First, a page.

At the beginning of the 21st century, trust is undergoing yet another stage of evolution. The very banks that underwrote modern capitalism by acting as secure brokers of trust have in many ways become an impediment to its development. In our current financial system, policy and law tend to disincentivize exploitative practices through punishment. In the future, blockchains could simply design those practices out of the picture.
Building from A Blockchain
Bitcoin's consensus protocol, which sets out the incentives and requirements that frame participation in the network, is exceptionally good at maintaining a distributed, open, peer-to-peer system of governance. Its transactions are public, though pseudonymous, and its code is open-source and maintained by a global network of volunteer core developers. The Bitcoin blockchain also doesn't store identity data; it uses public/private key pairs, rather than accounts, as addresses.
But blockchain-based transactions are more traceable than cash, which means that once a key pair is tied to a known identity, network analysis can, for example, aid police in tracking down criminal actors. This reality runs counter to the assumption that cryptocurrencies are more suited to criminal activity than other types of currency. In fact, it reintroduces the specter of surveillance capitalism. Interestingly, blockchains have properties that lend themselves both to human emancipation and to an unprecedented degree of surveillance and control. Whether they end up being used for the former or the latter depends on how the architecture of the “software stack”—the blockchain protocol and the application layer—handles digital identity.
When it comes to protocol, it's important to understand that there is more than one way to design a blockchain. Generally, “blockchain” is used to describe a type of system in which a single, universal record of transactions is replicated, although there is no absolute agreement on a set of necessary characteristics. Countless chains have now been introduced, and they are built to solve different things.
Take Ethereum, a public blockchain that aims to be a global, distributed computer called the Ethereum Virtual Machine. Its chain stores smart contracts that are executed when the conditions they specify are met. Unlike Bitcoin, the users most highly invested in the network—determined via cryptocurrency security deposits—get to collectively validate new blocks. Misbehaving users have their crypto-currency automatically confiscated.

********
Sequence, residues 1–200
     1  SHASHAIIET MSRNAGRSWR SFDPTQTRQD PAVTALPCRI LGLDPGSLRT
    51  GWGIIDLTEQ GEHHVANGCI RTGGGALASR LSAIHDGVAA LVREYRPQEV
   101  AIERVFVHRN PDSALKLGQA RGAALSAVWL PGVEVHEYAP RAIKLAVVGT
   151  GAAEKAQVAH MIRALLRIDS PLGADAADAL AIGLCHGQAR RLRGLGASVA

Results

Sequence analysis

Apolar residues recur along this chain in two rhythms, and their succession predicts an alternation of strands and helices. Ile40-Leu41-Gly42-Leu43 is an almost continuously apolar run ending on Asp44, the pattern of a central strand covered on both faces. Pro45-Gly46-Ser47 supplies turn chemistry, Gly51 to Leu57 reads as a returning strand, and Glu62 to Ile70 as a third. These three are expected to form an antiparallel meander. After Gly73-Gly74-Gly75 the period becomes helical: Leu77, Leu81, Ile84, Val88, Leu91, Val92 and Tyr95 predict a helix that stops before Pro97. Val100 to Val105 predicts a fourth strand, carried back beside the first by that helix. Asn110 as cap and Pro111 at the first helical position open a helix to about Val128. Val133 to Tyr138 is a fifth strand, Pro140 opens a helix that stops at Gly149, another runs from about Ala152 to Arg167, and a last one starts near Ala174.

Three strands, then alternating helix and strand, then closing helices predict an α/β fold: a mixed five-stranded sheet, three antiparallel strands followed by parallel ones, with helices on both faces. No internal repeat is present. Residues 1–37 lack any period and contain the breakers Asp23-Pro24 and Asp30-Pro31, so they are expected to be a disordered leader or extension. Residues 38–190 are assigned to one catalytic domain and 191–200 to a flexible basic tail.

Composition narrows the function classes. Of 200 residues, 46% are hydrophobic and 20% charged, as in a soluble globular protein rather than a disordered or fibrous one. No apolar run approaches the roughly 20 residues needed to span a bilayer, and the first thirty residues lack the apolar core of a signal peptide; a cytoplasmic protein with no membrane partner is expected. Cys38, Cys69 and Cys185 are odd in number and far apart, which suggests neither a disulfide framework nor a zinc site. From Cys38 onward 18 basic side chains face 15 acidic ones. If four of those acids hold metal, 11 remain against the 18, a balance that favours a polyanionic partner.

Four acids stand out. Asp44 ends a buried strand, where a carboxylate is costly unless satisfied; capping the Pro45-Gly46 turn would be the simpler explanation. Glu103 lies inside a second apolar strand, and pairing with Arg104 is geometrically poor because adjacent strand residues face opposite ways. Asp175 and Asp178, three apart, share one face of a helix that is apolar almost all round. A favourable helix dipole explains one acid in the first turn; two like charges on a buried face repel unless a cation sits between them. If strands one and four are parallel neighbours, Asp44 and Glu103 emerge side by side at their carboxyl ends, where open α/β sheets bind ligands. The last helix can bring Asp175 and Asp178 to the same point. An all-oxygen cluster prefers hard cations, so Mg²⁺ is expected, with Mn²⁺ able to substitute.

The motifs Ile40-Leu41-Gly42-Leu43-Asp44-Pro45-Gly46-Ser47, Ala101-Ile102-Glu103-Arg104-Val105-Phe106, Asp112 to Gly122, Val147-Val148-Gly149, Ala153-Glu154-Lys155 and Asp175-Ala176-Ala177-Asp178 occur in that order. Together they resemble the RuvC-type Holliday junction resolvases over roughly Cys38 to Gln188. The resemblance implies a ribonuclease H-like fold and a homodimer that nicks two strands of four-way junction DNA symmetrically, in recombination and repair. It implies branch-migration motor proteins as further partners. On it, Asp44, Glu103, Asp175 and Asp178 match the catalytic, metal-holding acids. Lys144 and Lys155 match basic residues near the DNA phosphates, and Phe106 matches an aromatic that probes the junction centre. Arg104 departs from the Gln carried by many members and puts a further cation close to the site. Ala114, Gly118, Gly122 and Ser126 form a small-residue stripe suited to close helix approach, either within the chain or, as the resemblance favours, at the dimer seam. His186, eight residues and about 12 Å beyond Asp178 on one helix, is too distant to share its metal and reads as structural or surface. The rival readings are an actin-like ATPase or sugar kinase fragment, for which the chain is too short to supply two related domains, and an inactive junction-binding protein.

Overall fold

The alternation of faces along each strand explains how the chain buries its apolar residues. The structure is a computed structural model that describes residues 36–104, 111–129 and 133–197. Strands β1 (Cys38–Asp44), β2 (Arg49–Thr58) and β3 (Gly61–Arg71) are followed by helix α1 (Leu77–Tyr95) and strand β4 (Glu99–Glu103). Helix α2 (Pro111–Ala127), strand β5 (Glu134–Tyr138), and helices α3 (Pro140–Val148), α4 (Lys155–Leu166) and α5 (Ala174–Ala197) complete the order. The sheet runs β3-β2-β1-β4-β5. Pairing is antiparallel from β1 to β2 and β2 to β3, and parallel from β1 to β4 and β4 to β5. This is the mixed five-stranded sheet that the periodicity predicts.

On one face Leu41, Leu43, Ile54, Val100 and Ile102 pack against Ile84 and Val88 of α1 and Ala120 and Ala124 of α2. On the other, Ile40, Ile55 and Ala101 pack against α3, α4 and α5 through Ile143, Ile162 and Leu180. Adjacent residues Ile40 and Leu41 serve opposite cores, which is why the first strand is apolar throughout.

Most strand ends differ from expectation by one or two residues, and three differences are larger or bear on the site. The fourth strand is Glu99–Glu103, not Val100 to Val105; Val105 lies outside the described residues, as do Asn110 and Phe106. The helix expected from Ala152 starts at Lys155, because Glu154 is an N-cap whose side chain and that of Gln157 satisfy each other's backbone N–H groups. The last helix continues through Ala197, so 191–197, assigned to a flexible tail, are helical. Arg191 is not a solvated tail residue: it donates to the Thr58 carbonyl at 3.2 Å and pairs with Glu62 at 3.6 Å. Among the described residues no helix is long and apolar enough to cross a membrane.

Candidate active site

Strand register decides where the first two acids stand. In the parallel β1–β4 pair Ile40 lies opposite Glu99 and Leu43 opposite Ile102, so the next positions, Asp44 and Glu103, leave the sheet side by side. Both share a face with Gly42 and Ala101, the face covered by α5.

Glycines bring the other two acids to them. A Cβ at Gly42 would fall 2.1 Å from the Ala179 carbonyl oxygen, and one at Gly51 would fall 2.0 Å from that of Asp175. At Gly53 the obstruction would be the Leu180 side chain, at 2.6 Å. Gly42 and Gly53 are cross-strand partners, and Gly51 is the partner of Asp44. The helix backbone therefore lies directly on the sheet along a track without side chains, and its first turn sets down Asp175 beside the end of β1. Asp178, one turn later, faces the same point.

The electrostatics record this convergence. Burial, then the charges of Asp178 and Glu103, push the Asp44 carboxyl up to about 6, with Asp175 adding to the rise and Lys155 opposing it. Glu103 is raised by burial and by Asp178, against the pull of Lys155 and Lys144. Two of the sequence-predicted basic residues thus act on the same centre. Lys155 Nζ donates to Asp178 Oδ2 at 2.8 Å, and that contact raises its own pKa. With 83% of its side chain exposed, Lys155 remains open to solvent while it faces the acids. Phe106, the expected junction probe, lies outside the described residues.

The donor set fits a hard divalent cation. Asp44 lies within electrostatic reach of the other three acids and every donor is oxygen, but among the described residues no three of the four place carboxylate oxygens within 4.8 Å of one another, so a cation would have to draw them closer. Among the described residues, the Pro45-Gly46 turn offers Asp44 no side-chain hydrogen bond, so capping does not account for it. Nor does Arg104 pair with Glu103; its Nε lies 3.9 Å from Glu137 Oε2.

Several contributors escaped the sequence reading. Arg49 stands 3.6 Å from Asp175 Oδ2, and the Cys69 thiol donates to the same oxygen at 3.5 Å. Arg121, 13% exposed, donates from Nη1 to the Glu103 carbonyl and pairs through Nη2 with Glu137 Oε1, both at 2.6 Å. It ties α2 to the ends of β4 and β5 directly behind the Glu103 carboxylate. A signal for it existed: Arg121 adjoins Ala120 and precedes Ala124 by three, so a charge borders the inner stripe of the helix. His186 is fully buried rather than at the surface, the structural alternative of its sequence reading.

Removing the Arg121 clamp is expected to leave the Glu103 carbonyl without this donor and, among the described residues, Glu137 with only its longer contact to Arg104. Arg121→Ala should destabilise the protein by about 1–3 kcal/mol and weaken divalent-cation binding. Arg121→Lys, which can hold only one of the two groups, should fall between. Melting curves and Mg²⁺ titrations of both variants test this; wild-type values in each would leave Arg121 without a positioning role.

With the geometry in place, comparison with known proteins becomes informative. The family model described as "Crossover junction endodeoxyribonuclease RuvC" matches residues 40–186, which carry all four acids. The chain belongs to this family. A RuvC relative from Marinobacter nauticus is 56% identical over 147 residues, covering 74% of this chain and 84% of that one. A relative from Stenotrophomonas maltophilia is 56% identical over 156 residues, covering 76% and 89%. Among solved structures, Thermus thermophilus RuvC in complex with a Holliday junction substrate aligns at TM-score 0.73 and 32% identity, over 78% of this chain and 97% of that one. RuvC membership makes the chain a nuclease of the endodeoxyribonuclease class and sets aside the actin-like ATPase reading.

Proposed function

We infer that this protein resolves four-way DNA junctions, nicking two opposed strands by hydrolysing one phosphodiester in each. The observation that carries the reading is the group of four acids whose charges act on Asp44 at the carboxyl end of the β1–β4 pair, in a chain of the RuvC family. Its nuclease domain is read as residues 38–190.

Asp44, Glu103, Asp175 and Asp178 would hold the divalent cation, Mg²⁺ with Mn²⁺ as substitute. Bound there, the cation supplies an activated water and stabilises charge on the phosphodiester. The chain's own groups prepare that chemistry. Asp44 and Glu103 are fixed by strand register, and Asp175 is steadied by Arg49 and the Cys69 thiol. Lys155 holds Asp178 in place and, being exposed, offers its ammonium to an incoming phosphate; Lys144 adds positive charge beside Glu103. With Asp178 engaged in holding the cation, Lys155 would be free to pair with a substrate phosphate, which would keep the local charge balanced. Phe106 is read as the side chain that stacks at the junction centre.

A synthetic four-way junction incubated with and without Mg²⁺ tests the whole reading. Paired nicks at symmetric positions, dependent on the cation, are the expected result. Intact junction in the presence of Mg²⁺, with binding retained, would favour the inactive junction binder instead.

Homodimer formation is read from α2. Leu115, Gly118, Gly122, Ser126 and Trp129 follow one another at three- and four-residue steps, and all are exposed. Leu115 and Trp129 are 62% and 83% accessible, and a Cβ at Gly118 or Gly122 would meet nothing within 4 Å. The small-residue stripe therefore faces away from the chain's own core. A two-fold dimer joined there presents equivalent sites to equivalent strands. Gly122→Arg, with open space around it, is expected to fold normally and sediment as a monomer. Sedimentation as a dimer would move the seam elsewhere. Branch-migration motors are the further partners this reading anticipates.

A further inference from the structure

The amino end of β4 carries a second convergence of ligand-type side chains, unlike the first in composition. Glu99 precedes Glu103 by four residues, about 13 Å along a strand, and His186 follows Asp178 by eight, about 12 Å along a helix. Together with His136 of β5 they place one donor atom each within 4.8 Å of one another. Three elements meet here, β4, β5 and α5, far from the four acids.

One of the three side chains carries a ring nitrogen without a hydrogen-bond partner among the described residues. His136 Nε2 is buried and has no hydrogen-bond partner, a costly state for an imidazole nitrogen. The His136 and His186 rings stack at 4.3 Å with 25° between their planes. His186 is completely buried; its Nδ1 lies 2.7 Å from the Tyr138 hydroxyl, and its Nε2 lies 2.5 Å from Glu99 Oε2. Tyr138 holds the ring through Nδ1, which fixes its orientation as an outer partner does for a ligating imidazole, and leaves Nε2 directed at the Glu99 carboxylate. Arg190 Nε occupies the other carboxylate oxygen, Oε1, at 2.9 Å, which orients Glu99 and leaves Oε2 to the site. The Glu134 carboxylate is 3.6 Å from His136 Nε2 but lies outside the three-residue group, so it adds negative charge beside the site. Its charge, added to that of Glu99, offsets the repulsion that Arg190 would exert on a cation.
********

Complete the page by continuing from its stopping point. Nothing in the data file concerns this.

Some blockchains are designed for communities with a higher level of trust among their users. These “permissioned” chains generally rely on a central authority that grants specific users access to the system so they can serve as transaction validators. To make sure everyone behaves, permissioned chains tend to rely more on disciplining by the central authority rather than automated material incentives. One major example is Ripple, a blockchain designed specifically to serve as a settlement network for transactions between banks. Similarly, the Enterprise Ethereum Alliance is made up of nearly 200 corporate members who are building an open-source tool kit so businesses can design their own permissioned versions of the Ethereum blockchain.
Still other blockchainlike initiatives are referred to as distributed ledgers because they may lack one or all of the underlying features of blockchains. They are generally permissioned, with many of their transactions also kept private. A major distributed ledger is R3 Corda, developed by a consortium of banks to facilitate consensus regarding financial agreements.
Permissioned blockchains and distributed ledgers arose in part to include some type of identity vetting for validators and transactors on the network. (By design, there is no native identity validation in the Bitcoin blockchain protocol.) The field of identity is the terrain on which the emancipatory or oppressive characteristics of blockchains will be socially realized. The easier it is to tie someone's transactions to an identity—and the more centralized and externally controlled an individual's digital identity becomes—the more the possibilities for abuse multiply.